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Proprietary Cell-Line Development for High-Titer AAV Manufacturing

Posted: 1 March 2024

Ahmed Youssef, Senior Manager USP Process Development, spoke with Cynthia Challener, PhD about cell line development for high-titer AAV manufacturing. Along with other industry contributors, they looked at existing techniques and forward at new trends to accommodate more efficient AAV production.

Establishing proprietary cell lines offers substantial opportunities for achieving high AAV titers, shorter production times, rapid production cycles, higher throughput, simplified downstream processes, less likelihood of contamination, greater flexibility in process scale-up, and lower cost-per-dose. Several approaches can be taken, as follows:

• Isolation of high-producing natural clones for transient transfection or infection processes.

• Engineering of cells for the same processes.

• Development of packaging/producer cell lines that eliminate the need for transfection/infection steps.

The optimal technique will depend on the nature of the AAV vector and intended therapeutic application.

Single-cell isolation and cloning is most widely used today, but much research is focused on the development of packaging and producer cells. Cloning avoids the need for genetic engineering, which can raise regulatory concerns. Genetic engineering, however, enables the development of novel host-cell lines for AAV production with improved performance—as long as full documentation of the process and materials used is maintained. Meanwhile, stable producer cell lines eliminate the need for transfection and typically provide higher AAV titers and quality, reducing cost and complexity, but take much longer to develop. Consequently, clonal cell line development is generally used for early-stage programs, while producer cell lines are used for large-scale manufacturing.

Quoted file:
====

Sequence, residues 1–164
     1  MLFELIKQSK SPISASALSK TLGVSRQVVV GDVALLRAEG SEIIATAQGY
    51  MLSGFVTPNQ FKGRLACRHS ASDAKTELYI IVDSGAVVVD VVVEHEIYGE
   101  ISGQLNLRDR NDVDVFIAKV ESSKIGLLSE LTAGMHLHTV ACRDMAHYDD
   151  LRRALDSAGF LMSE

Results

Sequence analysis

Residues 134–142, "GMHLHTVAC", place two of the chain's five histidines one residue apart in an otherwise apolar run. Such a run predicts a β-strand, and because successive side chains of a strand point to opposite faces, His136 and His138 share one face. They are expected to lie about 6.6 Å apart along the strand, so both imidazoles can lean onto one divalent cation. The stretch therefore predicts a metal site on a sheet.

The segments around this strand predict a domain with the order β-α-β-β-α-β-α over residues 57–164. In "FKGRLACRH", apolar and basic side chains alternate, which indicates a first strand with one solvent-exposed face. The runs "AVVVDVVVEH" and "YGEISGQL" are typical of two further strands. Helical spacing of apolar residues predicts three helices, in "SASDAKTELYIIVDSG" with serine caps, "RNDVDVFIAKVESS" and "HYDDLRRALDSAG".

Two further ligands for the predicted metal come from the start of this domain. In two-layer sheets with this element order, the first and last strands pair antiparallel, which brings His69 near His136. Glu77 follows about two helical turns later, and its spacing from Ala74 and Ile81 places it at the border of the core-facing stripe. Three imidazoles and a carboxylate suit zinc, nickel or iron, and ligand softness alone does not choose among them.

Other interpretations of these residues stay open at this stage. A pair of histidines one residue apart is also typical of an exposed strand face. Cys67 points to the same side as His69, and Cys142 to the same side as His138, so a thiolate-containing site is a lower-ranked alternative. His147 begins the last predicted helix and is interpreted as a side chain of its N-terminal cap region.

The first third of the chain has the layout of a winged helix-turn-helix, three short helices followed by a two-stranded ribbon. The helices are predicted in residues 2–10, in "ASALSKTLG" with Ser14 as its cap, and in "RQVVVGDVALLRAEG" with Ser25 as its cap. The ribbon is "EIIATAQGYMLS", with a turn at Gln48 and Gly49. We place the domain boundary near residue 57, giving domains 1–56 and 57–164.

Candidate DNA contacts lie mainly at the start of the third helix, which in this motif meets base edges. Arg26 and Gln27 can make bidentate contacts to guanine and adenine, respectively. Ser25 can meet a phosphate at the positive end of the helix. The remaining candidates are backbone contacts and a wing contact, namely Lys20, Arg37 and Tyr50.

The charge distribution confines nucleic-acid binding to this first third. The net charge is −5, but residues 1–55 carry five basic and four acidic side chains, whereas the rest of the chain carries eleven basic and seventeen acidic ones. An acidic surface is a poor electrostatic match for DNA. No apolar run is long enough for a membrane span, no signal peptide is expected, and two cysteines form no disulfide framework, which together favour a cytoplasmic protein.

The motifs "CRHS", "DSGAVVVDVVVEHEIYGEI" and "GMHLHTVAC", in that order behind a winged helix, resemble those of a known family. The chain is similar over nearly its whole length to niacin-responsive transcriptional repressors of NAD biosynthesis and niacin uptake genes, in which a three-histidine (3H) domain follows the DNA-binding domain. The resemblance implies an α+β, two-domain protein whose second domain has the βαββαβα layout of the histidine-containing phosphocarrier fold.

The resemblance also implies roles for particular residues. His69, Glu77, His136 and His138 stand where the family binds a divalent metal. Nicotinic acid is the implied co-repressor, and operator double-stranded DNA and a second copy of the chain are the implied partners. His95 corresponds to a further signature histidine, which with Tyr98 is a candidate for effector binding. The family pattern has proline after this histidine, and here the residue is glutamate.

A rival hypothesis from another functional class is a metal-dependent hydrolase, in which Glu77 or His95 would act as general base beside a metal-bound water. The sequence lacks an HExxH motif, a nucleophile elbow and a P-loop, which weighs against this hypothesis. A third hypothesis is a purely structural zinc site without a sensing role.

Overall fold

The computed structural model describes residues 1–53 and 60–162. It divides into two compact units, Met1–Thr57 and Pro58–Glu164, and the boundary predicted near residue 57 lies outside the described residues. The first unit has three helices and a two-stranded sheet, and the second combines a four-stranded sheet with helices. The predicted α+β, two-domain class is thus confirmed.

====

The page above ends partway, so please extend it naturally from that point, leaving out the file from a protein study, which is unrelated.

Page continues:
Several challenges exist to cell-lined development, regardless of the method, and a comprehensive approach is needed to successfully create high-titer AAV-producing proprietary cell lines. Access to validated cell lines is just the start. Screening is a lengthy process, and comprehensive characterization difficult, as it may require new assays. The cell type, packaging efficiency, viral genome replication, cell growth and viability characteristics, and stability must also be considered. Often these factors play off one another, requiring management of the benefits and risks, with complexity and tradeoffs varying depending on the specific manufacturing platform and product being developed.

There is disagreement as to whether development of proprietary cell lines has positive implications for the cost of and access to AAV-based therapies. Some believe that commercially available cell lines offered through non-exclusive licensing support expedited pathways to pre-clinical and clinical studies, while others see them representing potential for restriction of access to AAV production due to limitation of innovation at smaller companies and inhibition of sharing/collaboration on research.

Despite these issues, ongoing cell-line development and innovation for AAV manufacturing is expected to continue, with advances having overall positive impacts across the sector. Ascend considers proprietary cell-line development the most promising approach to increase cell-specific and volumetric productivity of AAV manufacturing platforms in a disruptive manner.

Note:Read the full story in Biopharm International